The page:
Domino documentary on PBS

NEW ORLEANS

Fats Domino lost his sprawling yellow-and-white house during Hurricane Katrina and with it, the keepsakes of an extraordinary career that took him from New Orleans honky-tonks to become a worldwide hit maker.

When Katrina swamped his Lower 9th Ward neighborhood and 80 percent of his hometown with floodwater, Mr. Domino lost his home, three pianos, dozens of gold and platinum records and other memorabilia.

So, when the 80-year-old singer took the stage at a popular New Orleans club for the first time after the 2005 storm, fans cheered and cried as he bopped the upbeat strains of “I’m Walkin’” and crooned “Ain’t That a Shame,” along with a host of other hits.

Footage from that appearance in May 2007, his first and last since Katrina, is the basis of a new documentary, “Fats Domino: Walkin’ Back to New Orleans,” that will air on public broadcasting stations over the next few years.

Songs from the performance are interwoven with interviews from Mr. Domino’s friends and fellow musicians, including Dr. John, Irma Thomas, Randy Newman and Allen Toussaint. The roughly hourlong film is narrated by actor John Goodman, who has strong connections to the city.

“They did a good job,” Mr. Domino said softly during a recent invitation-only showing of the film in New Orleans.

“It turned out real nice, and I’m real grateful they did that for me,” he said as he sat among friends, swapping stories and nibbling on crawfish minipies.

Before the screening, reissues of his Grammy Lifetime Achievement Award and Hall of Fame awards for “Ain’t That a Shame” and “Blueberry Hill” were presented to Mr. Domino. They were among memorabilia lost or destroyed in Katrina’s flooding.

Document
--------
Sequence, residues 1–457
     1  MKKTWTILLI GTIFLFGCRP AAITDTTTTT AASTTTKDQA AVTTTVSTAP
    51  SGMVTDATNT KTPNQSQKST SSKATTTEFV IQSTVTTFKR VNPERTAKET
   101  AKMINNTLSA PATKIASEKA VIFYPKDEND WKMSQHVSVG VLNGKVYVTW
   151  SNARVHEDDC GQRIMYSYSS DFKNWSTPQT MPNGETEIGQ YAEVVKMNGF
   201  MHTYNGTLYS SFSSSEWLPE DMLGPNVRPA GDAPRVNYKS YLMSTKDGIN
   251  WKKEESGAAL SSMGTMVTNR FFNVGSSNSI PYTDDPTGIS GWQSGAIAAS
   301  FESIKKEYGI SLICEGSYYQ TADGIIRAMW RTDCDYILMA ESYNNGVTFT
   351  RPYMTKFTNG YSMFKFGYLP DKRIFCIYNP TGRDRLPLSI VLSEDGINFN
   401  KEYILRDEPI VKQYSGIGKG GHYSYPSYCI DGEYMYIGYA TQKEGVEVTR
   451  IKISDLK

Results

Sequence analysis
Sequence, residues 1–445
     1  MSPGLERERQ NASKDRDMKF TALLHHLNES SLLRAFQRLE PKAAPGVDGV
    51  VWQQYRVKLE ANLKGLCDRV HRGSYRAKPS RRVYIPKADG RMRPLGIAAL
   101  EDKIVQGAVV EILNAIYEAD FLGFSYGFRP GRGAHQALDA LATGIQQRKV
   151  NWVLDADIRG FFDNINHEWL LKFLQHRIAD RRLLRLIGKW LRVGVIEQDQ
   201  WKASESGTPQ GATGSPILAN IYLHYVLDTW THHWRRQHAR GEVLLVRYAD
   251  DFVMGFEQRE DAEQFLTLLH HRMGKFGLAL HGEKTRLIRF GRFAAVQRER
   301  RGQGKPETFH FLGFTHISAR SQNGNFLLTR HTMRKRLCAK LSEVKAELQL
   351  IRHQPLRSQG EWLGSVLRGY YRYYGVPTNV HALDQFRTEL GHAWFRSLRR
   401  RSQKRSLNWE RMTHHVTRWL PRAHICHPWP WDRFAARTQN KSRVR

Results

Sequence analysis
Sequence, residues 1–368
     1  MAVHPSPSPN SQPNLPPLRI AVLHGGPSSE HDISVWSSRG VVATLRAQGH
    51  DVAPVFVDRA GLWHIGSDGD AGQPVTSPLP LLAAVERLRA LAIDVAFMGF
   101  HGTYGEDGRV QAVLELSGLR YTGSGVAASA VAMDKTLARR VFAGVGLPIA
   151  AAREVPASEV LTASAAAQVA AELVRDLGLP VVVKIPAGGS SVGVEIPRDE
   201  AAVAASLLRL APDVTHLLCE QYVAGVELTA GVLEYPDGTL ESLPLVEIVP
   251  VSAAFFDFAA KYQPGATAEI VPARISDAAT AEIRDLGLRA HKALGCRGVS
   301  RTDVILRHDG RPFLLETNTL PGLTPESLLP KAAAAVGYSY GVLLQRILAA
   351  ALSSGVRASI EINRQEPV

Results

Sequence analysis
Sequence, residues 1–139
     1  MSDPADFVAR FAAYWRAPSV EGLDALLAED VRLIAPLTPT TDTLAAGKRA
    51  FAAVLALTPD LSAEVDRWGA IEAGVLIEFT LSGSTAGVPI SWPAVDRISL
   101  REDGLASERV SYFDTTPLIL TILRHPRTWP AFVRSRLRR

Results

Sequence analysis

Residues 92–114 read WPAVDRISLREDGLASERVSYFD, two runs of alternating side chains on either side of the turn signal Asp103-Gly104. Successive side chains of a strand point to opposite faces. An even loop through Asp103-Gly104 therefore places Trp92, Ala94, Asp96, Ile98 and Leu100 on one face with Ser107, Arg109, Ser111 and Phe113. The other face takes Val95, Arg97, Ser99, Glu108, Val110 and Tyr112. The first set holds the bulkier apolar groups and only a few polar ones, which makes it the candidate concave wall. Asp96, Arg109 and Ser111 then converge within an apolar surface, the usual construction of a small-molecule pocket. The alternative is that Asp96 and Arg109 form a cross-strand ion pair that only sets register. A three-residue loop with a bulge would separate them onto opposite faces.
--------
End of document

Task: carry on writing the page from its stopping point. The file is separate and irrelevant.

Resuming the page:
Mr. Domino’s return to the stage at Tipitina’s music club in 2007 is a highlight in what otherwise has been a rough few years. Besides losing his home and almost all of his belongings, he misses his wife, Rosemary, who died in April. The couple had been married for more than 50 years.

“He’s missing her,” said Charisse Smith, Mr. Domino’s 35-year-old granddaughter, who was among those to get a first look at the film. “My grandmother was there for him every day, all day. Her presence is definitely missed.”

For many, Mr. Domino’s performance was a hopeful sign in the city’s painstaking recovery.

“It was an amazing night,” recalled Mary von Kurnatowski, co-founder of the Tipitina’s Foundation, the nonprofit organization affiliated with the club.

Mr. Domino now lives in the New Orleans suburb of Harvey but often visits his publishing house, an extension of his old home in the Lower 9. The studio, a classic shotgun double built in the 1930s, was rebuilt after Katrina by the Tipitina’s Foundation. It is one of a few refurbished structures in the neighborhood.

Though surrounded by blocks of abandoned homes and overgrown lots, “he loves to go and visit that house,” Miss von Kurnatowski said. “He has tremendous memories of decades using that building, of musicians he’s worked with, and of time spent there with his family.”

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